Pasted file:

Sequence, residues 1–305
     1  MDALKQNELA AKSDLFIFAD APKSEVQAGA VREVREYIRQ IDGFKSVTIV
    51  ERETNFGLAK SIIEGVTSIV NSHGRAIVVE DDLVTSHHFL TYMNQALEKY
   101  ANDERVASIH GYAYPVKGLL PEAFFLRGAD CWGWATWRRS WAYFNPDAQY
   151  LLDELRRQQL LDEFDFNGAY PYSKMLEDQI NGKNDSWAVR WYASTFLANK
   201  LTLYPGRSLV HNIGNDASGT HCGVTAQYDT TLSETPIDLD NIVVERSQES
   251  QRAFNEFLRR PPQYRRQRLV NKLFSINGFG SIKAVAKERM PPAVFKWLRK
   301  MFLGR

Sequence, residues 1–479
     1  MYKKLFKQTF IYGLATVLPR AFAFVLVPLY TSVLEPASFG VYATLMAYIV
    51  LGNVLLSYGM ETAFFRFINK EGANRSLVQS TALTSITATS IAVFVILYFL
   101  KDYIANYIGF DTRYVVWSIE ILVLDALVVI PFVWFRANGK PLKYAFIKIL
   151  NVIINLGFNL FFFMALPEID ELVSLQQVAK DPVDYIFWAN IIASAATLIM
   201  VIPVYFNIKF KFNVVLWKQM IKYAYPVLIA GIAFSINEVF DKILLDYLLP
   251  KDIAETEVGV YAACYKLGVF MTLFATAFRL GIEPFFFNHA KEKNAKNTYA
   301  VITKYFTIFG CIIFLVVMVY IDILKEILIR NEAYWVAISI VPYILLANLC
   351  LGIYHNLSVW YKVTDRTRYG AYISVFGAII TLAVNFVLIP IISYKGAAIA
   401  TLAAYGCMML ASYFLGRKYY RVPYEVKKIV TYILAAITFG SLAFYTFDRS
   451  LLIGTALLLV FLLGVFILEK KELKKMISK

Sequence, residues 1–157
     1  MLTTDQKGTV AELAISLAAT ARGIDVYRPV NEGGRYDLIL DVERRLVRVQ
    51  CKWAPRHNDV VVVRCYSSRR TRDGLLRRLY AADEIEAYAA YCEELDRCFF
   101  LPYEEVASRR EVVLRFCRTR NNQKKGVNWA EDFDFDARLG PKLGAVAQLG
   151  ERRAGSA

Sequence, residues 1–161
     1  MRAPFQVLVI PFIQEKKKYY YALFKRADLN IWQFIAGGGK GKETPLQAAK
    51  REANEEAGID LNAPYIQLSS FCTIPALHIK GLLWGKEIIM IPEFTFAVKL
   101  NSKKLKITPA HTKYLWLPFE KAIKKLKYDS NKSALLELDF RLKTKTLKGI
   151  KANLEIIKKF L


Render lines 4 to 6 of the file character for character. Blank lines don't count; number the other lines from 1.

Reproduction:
   101  ANDERVASIH GYAYPVKGLL PEAFFLRGAD CWGWATWRRS WAYFNPDAQY
   151  LLDELRRQQL LDEFDFNGAY PYSKMLEDQI NGKNDSWAVR WYASTFLANK
   201  LTLYPGRSLV HNIGNDASGT HCGVTAQYDT TLSETPIDLD NIVVERSQES